Life & Arts

Review: ‘The Subtle Art of Not Giving a F*ck'

By | | comments |

Brooke Murphy reviews Mark Manson's ‘The Subtle Art of Not Giving a F*ck' — a self-help book with a difference.

IF YOU WERE to stroll past the self-development section of any bookstore, you would notice a common thread.

This section is flooded with books about finding happiness, positivity, wellbeing and mindfulness.

Inspirational quotes on social media follow the same trend. Positive thinking philosophy has become an epidemic. Despite recent research revealing the unhealthy nature of avoiding negative emotions, the wave of positivity literature continues.

Is it going to be good vibes only from here on in? Is slapping a smile on your dial really the key to happiness? Thankfully, Mark Manson has arrived with an antidote to this positivity self-help syndrome: The Subtle Art of Not Giving a Fuck.

This book stands out in bookstores. It has a curse word in the title and a neon orange colour. It doesn’t look like any other self-help books that are out there. Even The Life Changing Magic of Not Giving a Fuckby Sarah Knight, has a more conventional appearance.

Inside and out, there is nothing subtle about this book. I started reading it expecting comedy; a send-up to the optimism only movement. But this book is so much more than humour. It is a real life-changer. In a world that asks us to avoid negative emotions and put on a cheery face, The Subtle Art of Not Giving a Fuck delivers a real wake-up call.

Manson’s writing style is humorous, honest, and matter-of-fact. But he is also vulnerable and knows what it feels like to hit rock bottom. He writes candidly about “real traumatic shit” he has experienced — from his parent’s divorce and adolescence, which "sucked donkey balls”, to being an unemployed couch-surfer, his ex leaving him and becoming bored of travelling the world and promiscuity. Reading about these experiences makes you feel like a close confidante. You feel like you are speaking to an old friend who has seen it all, at the local pub after a few cold ones. It’s intimate, but far from sentimental.

One of Manson's personal stories that really stuck with me was about his unrealised rock star dreams. Like many of us, Manson once dreamed of being a famous musician. Most self-help books tell us to “do what you love” or “live your dreams” but Manson is far more honest and realistic in reasoning why that "dream" never came true. 'I didn’t actually want it', he muses.

Manson does not just tell his own story. He mixes memoir with narratives about a wide range of subjects, from an alcoholic poet called Charles Bukowski, to the father of American psychology.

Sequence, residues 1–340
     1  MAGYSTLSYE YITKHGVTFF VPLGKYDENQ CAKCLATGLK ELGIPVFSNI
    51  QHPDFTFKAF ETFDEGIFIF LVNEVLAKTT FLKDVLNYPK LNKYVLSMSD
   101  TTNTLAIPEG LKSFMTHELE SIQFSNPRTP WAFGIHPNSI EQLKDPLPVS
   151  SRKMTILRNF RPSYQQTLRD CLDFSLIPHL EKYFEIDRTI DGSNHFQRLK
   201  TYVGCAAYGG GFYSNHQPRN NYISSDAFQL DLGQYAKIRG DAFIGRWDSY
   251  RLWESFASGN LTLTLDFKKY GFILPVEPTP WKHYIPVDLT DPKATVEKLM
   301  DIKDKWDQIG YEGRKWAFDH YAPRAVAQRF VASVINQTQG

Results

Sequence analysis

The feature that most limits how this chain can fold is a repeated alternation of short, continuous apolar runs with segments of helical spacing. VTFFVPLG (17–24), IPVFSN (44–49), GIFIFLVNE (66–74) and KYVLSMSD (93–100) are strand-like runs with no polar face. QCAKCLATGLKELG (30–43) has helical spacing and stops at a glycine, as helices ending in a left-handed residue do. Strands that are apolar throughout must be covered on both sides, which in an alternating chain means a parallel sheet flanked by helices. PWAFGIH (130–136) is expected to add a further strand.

This book does not aim to inspire you to achieve, but rather, to cause you to take stock of your life and what you really want.

I learnt many important lessons from this book, but three stood out.

Firstly, focus on what really matters, or, put more crudely, what we really "give fucks" about. Manson wryly suggests focussing on family, friends and your golf swing.

Secondly, it was brought to my attention that I am not special. I’m not entitled to anything! Usually, I stick to self-development books that focus on how to become a successful superstar. Instead, Manson gave me the slap in the face I needed.

Thirdly, one of the best things in life is taking pleasure in the ordinary. Forgoing entitlement and claims to "specialness" can lead to true joy.

As Manson puts it: 

You will have a growing appreciation for life’s basic experiences: the pleasures of a simple friendship, creating something, helping a person in need, reading a good book, laughing with someone you really care about. … Maybe they’re ordinary for a reason: because they are what actually matters.

Some of the teachings of this book even sounded quite Buddhist — particularly Manson’s call for the acceptance of suffering. Railing against "entitlement" also echoes the Buddhist concept of "non-attachment". Maybe an alternative title for the book could have been: "The Atheist’s Guide to Buddhism". Manson’s work does intersect with Buddhist principles but without tedious discussions of the benefits of meditation or Buddhist stories.

To hell with "fake it till you make it" or positive thinking! Life is painful, uncomfortable, and often bleak. If we do not acknowledge this reality, we cannot really experience a full life. This book is not The 7 Habits of Highly Effective People, The Purpose Driven Life, or even The Secret.

The purpose of The Subtle Art of Not Giving a F*ck is not to guide you on the path to greatness. Manson does not want to rid you of your problems or pain; instead, he wants you to accept your mediocrity. And to stop giving so many fucks about things that don’t matter.

You can follow Brooke Murphy on Twitter @brooke___murphy.

Creative Commons Licence
This work is licensed under a Creative Commons Attribution-NonCommercial-NoDerivs 3.0 Australia License

Monthly Donation


Single Donation


Be aware. Subscribe to IA.

Recent articles by Brooke Murphy
Politicians suing for defamation: Freedom of speech?

As it becomes a more common practice for politicians to sue for defamation, perhaps ...  
Review: ‘The Subtle Art of Not Giving a F*ck'

Brooke Murphy reviews ‘The Subtle Art of Not Giving a F*ck', a self-help book ...  
Green Day biography on my bookshelf: ‘Nobody Likes You’

Brooke Murphy reviews Nobody Likes You, a book about one of the biggest punk bands ...  
Join the conversation
comments powered by Disqus

Support Fearless Journalism

If you got something from this article, please consider making a one-off donation to support fearless journalism.

Single Donation


Support IAIndependent Australia

Subscribe to IA and investigate Australia today.

Close Subscribe Donate